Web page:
Bun B addressing the first-ever UGK Convention
Bun B’s Trill is a good rap album. Sometimes it’s great: the painfully complete weary honestly of “The Story,” the unexpectedly sunny burst of playful Miami bass on “Git It,” the incomparable joy of hearing Chamillionaire and Paul Wall right next to each other on the “Draped Up” remix. But it’s not the album we were waiting for, the long-delayed solo debut of one of the greatest rappers of all time, a guy who has endured more than a decade of regional marginalization, record-label cluelessness, and personal upheaval on his long climb to the top of the rap world, someone whose tireless work ethic and authoritative eloquence and grizzled presence have finally brought him into a position where everyone in rap owes him favors, where his supremacy is universally recognized and the respect he’s long earned finally being granted. Trill should be a revelation, the defining document in Houston’s moment of rap-landscape dominance and the definitive showcase of a guy who’s been breathing rap and accumulating experience since the South was a rap wasteland. Instead, it comes off as a pretty good album from a strong B-list rapper with a lot of powerful friends, a patchwork hodgepodge of obligatory guest appearances and semi-inspired thug-talk. The weak moments almost outnumber the great ones: the cartoon-squeak Jazze Pha track, the ridiculous “Hail to the Chief” sample on “The Inauguration,” the inexplicable guest appearance from dumbshit Transplant Skinhead Rob.
And then there’s “Get Throwed.” On paper, it probably should be the rap song of the year: a beat from H-Town rumbler Mr. Lee, a hook from Southern legend Z-Ro, and verses from Bun, Pimp C, Young Jeezy, and Jay-Z. It’s the sort of collection of talent that seems assembled with the specific intention of making my brain explode, like if Ian MacKaye did a song with Corin Tucker and Craig Finn and John Darnielle. I first heard it about a week ago on DJ Envy & Lenny S’s We Gets Busy Pt. 4 mixtape, where it was listed simply as “Intro,” and I immediately started scouring the internet to figure out if this was a real, actual new song with new verses or whether some enterprising DJ had just slapped together a few undiscovered verses from these guys. I got so caught up freaking myself out about this song’s mere existence that it took a few listens for me to notice that it’s not actually a good song.
Mr. Lee’s beat is a world away from some of the monster bangers he’s put together for Slim Thug, impossibly huge tracks like “3 Kings” and “Diamonds.” “Get Throwed” is a clumsy, lumbering thing, a few pretty cursive synth flourishes floating above over flimsily overproduced metal guitar crunches and anemic drums. Z-Ro’s voice sounds amazing, heavy and tired and throaty, but his crooned hook doesn’t quite match up with the beat, and that voice is much better-suited for bluesy elegies than banalities about good weed/good drank/big money. The whole track, in fact, is oddly ground-down and deflated; it sounds like it just got done with a long day at work. And it has album track written all over it; I can’t figure out why Bun would use it to showcase the biggest guests on his album.
All of the rappers on the song sound uninspired, but Pimp C at least has an excuse: he’s been in prison for a few years now. His verse was recorded before prison, before the beat was made and before Bun had a solo album in the works; the datedness of its references proves its age: “Pimp C, PA trill nigga / Polo, fuck that Hilfinger.” It’s a decent verse, grainy nasal rasp stretching out syllables almost until they break, but there’s a reason Pimp didn’t use the verse before going to prison. Bun, for his part, inexplicably shanks his verse. It should be a triumphant moment for him, and he should be giving us one of those breathless demonstrations of virtuosity that he’s been putting on other rappers’ records for years now, but no; it’s an ugly clump of inelegantly clumped syllables and lunkhead misogyny: “A bitch know I might just explode / And slap her in the face with a pie a la mode.” Huh? This is the wrong moment for Bun to be sleepwalking, like when Shawn Marion fell apart during the Suns/Spurs playoff series this year. Jeezy talks the same trap-star game he always talks, and it’s starting to lose its appeal; there’s only so many ways he can say that he knows how to cook crack, you know? He needs one of those indestructible regionless beats like he had on his album to sound superhuman, and he doesn’t have that here. Jay’s double-time verse has a nice, crisp precision, but even he remains uninspired, saying the same stuff he’s been saying on virtually every verse lately: “Started with the block, did it brick by brick / Then I charted with the Roc, nigga, hit by hit.” He’s not giving us anything new, not showing any of that casual mastery he usually displays effortlessly.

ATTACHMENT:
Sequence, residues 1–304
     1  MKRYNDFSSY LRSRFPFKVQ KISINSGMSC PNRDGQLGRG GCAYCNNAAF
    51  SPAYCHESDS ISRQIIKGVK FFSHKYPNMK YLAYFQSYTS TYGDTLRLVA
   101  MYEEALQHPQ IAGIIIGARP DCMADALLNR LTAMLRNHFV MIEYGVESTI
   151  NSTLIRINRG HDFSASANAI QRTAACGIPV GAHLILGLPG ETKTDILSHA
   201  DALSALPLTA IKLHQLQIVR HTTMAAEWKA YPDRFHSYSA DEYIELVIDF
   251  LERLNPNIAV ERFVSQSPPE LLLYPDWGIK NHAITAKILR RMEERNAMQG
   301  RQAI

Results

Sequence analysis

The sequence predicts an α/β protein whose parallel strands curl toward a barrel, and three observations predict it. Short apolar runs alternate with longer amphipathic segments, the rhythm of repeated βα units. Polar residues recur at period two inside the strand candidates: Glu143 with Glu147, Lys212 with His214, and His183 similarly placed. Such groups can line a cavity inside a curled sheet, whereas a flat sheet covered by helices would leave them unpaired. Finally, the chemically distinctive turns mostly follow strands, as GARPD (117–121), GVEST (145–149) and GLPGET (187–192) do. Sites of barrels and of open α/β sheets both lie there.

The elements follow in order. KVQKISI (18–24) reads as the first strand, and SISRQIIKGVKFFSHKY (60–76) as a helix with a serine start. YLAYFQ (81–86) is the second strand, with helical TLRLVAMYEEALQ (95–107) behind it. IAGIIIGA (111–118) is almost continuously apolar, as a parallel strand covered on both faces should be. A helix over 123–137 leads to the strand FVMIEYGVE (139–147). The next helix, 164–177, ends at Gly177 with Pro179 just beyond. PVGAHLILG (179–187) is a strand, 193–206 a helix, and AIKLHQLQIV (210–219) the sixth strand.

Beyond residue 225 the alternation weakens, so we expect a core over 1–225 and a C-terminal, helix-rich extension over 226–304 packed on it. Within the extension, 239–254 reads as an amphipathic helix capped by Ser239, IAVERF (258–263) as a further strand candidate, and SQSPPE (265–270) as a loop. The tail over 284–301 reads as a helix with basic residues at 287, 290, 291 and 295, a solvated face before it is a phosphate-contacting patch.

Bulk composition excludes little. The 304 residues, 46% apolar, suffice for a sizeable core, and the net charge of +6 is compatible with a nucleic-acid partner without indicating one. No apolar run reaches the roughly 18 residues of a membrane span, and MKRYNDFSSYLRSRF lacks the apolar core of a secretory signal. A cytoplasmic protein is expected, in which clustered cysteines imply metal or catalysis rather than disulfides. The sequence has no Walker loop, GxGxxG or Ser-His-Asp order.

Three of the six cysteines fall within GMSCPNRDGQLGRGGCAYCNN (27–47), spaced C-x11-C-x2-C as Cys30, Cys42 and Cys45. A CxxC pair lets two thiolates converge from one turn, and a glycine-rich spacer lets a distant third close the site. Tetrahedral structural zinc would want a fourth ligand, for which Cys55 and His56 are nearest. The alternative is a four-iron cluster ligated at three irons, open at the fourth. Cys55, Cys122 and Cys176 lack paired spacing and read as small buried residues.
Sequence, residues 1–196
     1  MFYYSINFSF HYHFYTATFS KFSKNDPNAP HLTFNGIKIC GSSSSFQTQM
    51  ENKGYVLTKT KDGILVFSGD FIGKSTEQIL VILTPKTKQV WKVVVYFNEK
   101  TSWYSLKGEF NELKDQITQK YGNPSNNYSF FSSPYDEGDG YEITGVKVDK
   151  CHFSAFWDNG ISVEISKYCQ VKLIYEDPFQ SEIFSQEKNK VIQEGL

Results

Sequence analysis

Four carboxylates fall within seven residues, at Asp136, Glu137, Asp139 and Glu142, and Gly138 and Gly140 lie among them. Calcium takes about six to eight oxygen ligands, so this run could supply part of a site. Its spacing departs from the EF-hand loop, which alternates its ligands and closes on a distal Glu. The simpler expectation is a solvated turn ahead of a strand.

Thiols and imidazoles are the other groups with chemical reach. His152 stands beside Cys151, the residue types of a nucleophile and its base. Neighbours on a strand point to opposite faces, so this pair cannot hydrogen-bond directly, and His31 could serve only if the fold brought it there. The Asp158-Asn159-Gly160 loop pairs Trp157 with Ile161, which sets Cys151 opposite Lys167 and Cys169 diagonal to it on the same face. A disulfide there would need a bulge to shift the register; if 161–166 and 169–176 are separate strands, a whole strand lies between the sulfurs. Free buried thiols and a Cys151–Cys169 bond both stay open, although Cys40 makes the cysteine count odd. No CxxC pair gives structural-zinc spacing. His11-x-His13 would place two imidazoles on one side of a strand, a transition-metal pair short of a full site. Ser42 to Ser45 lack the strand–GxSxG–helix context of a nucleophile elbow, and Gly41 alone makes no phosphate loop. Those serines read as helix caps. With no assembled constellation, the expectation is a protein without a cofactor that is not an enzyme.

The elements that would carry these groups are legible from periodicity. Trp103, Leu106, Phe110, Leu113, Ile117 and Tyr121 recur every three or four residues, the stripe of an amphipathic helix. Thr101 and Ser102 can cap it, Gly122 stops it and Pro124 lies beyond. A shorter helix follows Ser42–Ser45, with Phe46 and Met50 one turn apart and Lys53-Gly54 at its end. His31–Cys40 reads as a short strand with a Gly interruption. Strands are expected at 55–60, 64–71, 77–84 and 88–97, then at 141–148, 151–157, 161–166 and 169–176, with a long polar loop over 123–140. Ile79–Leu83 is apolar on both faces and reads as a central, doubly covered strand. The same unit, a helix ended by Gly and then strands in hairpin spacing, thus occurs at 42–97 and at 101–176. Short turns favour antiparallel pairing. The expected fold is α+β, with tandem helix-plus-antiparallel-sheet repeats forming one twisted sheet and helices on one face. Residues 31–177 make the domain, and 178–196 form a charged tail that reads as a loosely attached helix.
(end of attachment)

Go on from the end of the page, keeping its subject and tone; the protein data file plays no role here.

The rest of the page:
I’ve talked about this before, but every post-retirement Jay-Z verse is an event; it gets automatic heavy radio play and mixtape burn, and it makes dorks like me lean in hard to our radios and strain to catch every syllable. One guest spot went a long way toward turning Jeezy into a star. Even when he’s not quite on, even if this coming-down-from-the-mountaintop is tiresome and vaguely condescending, it’s a blessing to get his voice on a song these days, and any rapper who can get that look needs to make the most of it. Bun has been giving it all on mixtapes and guest appearances like a fool lately, and he deserves to cash in his chips right now, so it’s truly puzzling that he just let this one slip away.
This article from the Village Voice Archive was posted on October 18, 2005